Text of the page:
The paper is organized according to the following sections. First, an overview of the ice fixation method parameter is provided. Then, the experimental details are introduced, i.e., the experimental detail of using Taguchi’s method and ANOVA to determine and analyze the optimal cutting parameters in the experiments. Next, the verified experiment is described. Finally, the paper is concluded with a summary of this study.

Analysis of Ice Fixation Machining Technology

Deformation Analysis

As a special thin-wall porous structure, each honeycomb cell wall constructed in the honeycomb cutting process is independent. To simplify the analysis, only a single honeycomb structure was extracted for the strain analysis, without regard to support by other honeycomb structures.

During a milling process without ice fixation, there is no support in the interior of the honeycomb structure (Figure 1a). Therefore, without the ice fixation, it is easy for deformities to occur during the machining process. In contrast, ice can provide support forces opposite to the direction of machining (Figure 1b). Accordingly, the deformation can be effectively suppressed by an ice fixation method.

Figure 1
figure1

Force analysis of single honeycomb: a model of non-ice fixation, b model of ice fixation

The deformation of a non-ice fixation honeycomb unit can be calculated using Eq. (1) [14]. The deformation of the ice is the ratio of the elongation and side length. After the ice fixation, the deformation of the honeycomb unit approximates to the ice deformation. Moreover, the elongation of the ice is small. Thus, the honeycomb unit does not easily deform under a condition of ice fixation.

$$\left\{ \begin{aligned} \varepsilon_{1} & { = }\frac{{\sigma (1 + \sin \theta )bl^{3} \sin \theta }}{12EI\cos \theta }, \\ \varepsilon_{2} & = \frac{\delta }{l}, \\ \end{aligned} \right.$$
(1)

where ε2 is the deformation of a non-ice fixation honeycomb, ε2 is the deformation of an ice fixation honeycomb, σ is the shear force, E is the Young’s modulus of the aluminum honeycomb, I is the inertia moment, θ is the angle between the hypotenuse and the horizontal, l is the side length of the ice and each honeycomb unit, b is the cutting depth, and δ is the side length change of the ice.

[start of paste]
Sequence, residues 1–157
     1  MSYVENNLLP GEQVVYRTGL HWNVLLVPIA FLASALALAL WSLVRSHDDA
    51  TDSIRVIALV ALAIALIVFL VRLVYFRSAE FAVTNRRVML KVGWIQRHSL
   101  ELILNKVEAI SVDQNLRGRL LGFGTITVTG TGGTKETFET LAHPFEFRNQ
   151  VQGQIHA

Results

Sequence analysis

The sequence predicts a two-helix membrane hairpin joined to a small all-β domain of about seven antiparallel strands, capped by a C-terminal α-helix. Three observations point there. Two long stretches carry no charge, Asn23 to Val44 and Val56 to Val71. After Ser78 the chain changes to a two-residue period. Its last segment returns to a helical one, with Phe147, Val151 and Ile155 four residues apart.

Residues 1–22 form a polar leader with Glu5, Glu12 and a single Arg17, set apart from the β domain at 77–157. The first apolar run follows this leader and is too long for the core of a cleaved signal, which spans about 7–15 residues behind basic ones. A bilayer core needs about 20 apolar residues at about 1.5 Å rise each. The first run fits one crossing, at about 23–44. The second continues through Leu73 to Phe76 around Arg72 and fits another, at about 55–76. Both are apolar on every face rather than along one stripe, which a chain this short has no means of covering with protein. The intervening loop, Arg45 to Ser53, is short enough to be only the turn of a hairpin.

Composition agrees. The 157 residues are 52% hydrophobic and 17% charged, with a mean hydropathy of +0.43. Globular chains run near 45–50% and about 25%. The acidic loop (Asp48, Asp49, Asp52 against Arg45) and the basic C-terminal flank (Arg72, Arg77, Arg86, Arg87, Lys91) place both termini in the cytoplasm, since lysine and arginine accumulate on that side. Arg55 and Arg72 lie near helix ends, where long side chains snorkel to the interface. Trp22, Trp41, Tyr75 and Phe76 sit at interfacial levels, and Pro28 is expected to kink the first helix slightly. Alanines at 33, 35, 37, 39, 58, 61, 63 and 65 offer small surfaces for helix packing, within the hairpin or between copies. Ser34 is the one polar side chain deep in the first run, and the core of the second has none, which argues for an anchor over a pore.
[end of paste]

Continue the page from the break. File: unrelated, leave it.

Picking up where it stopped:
Feasibility of Ice Fixation by Simulations

To verify the feasibility of ice fixation, the cutting processes for both a non-ice fixation honeycomb and an ice fixation honeycomb were simulated using ABAQUS software. These simulations mainly focused on the deformation of the honeycomb. Thus, the cutting tool was considered as a rigid body, to simplify the calculation. The workpiece consisted of eight six-sided regular hexagon honeycomb units, and the length of each side was 8 mm. The height of the workpiece was 13 mm. The matrix material of honeycomb was set as aluminum alloy. The material parameters of the workpiece and ice are shown in Table 1 and Table 2. The yield limit of the honeycomb was calculated using Eq. (2). The failure model is shown in Eq. (3) [15]. The ice was considered as a brittle material, and the fracture of the ice was calculated using the brittle cracking model in ABAQUS. The direct stress after cracking was set as 30 MPa [16]. The honeycomb and ice were set to tie, and the same cutting conditions were applied in the two simulations.

$$\sigma_{\text{h}} { = }\left( {A + B\varepsilon^{n} } \right)\left( {1 + C\ln \varepsilon^{*} } \right)\left( {1 - T ^{*m} } \right).$$
(2)
Table 1 Johnson–Cook (J–C) material constants for honeycomb [17]
Table 2 Material constants for ice [18]

In Eq. (2), σh is the yield limit, A is the material yield strength, B is the strain hardening coefficient, C is the strain rate sensitivity coefficient, ε is the equivalent plastic strain, n is the strain hardening index, ε* is the plastic strain rate, T* is the homologous temperature, and m is the temperature sensitivity coefficient. A, B, C, n, and m are constants determined by the material.

$$\left\{ \begin{aligned} D & = \sum {\frac{\Delta \varepsilon }{{\varepsilon^{f} }}} , \\ \varepsilon^{f} & = [D_{1} + D_{2} \exp D_{3} \sigma ^{*}][1 + D_{4} \ln \dot{\varepsilon }^{*}][1 + D_{5} T^{*}], \\ \end{aligned} \right.$$
(3)

where Δε is the increment of the effective plastic strain, εf is the equivalent strain to fracture, σ* is the pressure-stress ratio, \(\dot{\varepsilon }^{*}\) is the strain rate, T* is the homologous temperature, and D1, D2, D3, D4, and D5 are constants. Fracture is allowed to occur when D = 1.0.

As shown in Figure 2a, there was an evident deformation of the non-ice fixation honeycomb during the cutting process. Moreover, a serious machining defect appeared on the machined surface. In contrast, there was little deformation of the honeycomb using the ice fixation method (Figure 2b). Evident defects were not found in the simulation. The results of the simulations indicated that the ice fixation method was effective for honeycomb support during the machining process, as indicated by the results from the deformation analysis. The ice provided enough support forces to the thin wall of the honeycomb, and the deformation was effectively controlled.

Figure 2
figure2

Simulation of cutting process: a non-ice fixation, b ice fixation (mm)

Setup of the Experiment Platform